Another one of those things that's ridiculously easy to make at home. Maybe it is or isn't cheaper than what you can find at the store. But you control what is in it. And you won't find it fresher or more delicious anywhere else.
1-2 tablespoon vinegar or lemon juice (adjust to your taste near the end)
1/4 teaspoon salt
dash cayenne or other red pepper
light grinding of black pepper
1 cup oil
In the pitcher of a blender, mixing bowl or food processor, mix together everything except 3/4 cup of the oil. Process for several seconds.
With the motor running, pour the oil in a thin stream through the opening of the lid (or into the mixer bowl). Continue until you've added all the oil. Go slowly enough that this takes about a minute.
Now you have mayonnaise.
Added paragraph 7/19/08: Taste and adjust salt, pepper, vinegar and lemon juice until the flavor balance is to your liking. You may like a more assertive mayo. You can get out your favorite commercial mayonnaise and do side-by-side testing until you have the seasoning tweaked just as you like it. Then write it down so you remake it just the way you like it ever after.
Put it in an old mayonnaise jar and refrigerate for up to a month. (Edited 7/19/08. I used to guess at two weeks, but I've since kept mayo for over a month just fine.)
A note on what just happened.
To "emulsify" means to mix together two liquids that don't like to be mixed together. Through the rapid beating and slow addition of the oil, the oil and egg have become emulsified. They're now beaten together into tiny little bubbles that reflect the light -- that's why the two transparent substances are now white and opaque.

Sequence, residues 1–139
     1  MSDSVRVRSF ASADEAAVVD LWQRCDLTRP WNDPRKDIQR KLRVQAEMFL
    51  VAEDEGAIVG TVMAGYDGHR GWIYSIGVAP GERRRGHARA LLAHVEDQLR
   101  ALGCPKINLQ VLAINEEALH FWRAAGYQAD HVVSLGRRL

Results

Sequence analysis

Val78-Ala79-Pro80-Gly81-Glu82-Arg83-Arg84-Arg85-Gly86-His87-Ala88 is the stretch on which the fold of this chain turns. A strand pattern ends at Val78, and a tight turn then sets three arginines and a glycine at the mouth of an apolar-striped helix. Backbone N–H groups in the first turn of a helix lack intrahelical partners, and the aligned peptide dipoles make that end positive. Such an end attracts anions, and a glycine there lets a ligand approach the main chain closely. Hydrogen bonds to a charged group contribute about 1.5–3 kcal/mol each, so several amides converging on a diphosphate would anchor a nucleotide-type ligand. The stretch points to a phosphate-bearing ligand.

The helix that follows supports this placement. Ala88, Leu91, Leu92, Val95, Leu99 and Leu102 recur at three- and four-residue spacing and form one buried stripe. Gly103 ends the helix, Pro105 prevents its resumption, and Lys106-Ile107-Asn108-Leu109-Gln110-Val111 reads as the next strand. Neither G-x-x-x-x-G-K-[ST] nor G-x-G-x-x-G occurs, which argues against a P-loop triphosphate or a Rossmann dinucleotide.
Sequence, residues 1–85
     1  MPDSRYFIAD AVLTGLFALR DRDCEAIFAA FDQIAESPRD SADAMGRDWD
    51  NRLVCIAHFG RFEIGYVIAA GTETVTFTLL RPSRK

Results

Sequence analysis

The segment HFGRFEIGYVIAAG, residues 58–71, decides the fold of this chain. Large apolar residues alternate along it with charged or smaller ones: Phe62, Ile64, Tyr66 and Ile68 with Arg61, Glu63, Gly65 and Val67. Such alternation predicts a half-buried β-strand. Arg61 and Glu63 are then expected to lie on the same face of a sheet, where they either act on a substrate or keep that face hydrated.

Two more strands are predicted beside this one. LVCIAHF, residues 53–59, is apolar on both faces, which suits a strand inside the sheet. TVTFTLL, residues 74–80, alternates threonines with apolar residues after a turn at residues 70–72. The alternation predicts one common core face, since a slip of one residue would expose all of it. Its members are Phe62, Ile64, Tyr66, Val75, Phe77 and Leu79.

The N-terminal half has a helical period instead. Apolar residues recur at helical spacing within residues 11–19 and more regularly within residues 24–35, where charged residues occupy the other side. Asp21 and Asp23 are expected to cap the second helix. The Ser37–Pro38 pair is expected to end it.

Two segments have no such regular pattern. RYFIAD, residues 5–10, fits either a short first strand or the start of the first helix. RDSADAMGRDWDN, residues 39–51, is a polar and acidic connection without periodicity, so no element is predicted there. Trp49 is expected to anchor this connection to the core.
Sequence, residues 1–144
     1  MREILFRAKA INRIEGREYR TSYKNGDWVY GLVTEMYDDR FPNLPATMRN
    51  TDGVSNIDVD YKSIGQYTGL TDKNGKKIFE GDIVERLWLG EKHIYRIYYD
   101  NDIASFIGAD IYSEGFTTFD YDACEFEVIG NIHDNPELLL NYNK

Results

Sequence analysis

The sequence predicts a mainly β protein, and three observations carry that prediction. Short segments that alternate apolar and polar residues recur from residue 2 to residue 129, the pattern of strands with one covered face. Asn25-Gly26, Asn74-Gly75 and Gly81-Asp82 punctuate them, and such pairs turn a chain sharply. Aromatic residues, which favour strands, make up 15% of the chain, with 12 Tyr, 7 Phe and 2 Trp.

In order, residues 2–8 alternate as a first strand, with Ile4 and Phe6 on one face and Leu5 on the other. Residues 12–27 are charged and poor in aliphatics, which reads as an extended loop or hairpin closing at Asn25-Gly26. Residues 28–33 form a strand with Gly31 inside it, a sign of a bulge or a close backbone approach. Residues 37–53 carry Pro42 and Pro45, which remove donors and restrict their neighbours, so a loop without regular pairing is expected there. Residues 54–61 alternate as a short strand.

A note on oil.
My understanding is that mayonnaise is classically made with extra-virgin olive oil. I don't like the heavy flavor when it's made this way; I'm used to clean, neutral tastes in mayonnaise. I use part olive oil and part neutral-tasting oil. I'm still searching for the most naturally made oil for this application. The one I made today was half olive and half corn. Peanut would also be a candidate.
Added paragraph 7/19/08: I tried a half peanut oil, half coconut oil mayonnaise. It's very coconutty. If you want a tropical effect from your mayonnaise, it works great. If you want a neutral spread, coconut is not the way to go..
A note on egg.
Harold McGee has a system for "safe" mayonnaise that involves using the microwave to sort of pasteurize the egg. You might be able to find it with an Internet search. It's also included in Mark Bittman's wonderful "How To Cook Everything," from which I got the basis of this mayonnaise recipe. But for myself, I'm not concerned about egg safety. We get all our eggs from free-range, healthy hens. Those horrible diseases occur in animals that are treatly horribly.
A note on acid.
Bittman says lemon is the perfect liquid for mayonnaise. I disagree. The mayonnaise I made following his recipe exactly (2 tablespoons lemon, 1 cup olive oil) tasted exactly like cod liver oil. It really was uncanny. I've been trying to use it up in tuna salad and fish cookery, because it turns everything milder into a strange fishy thing.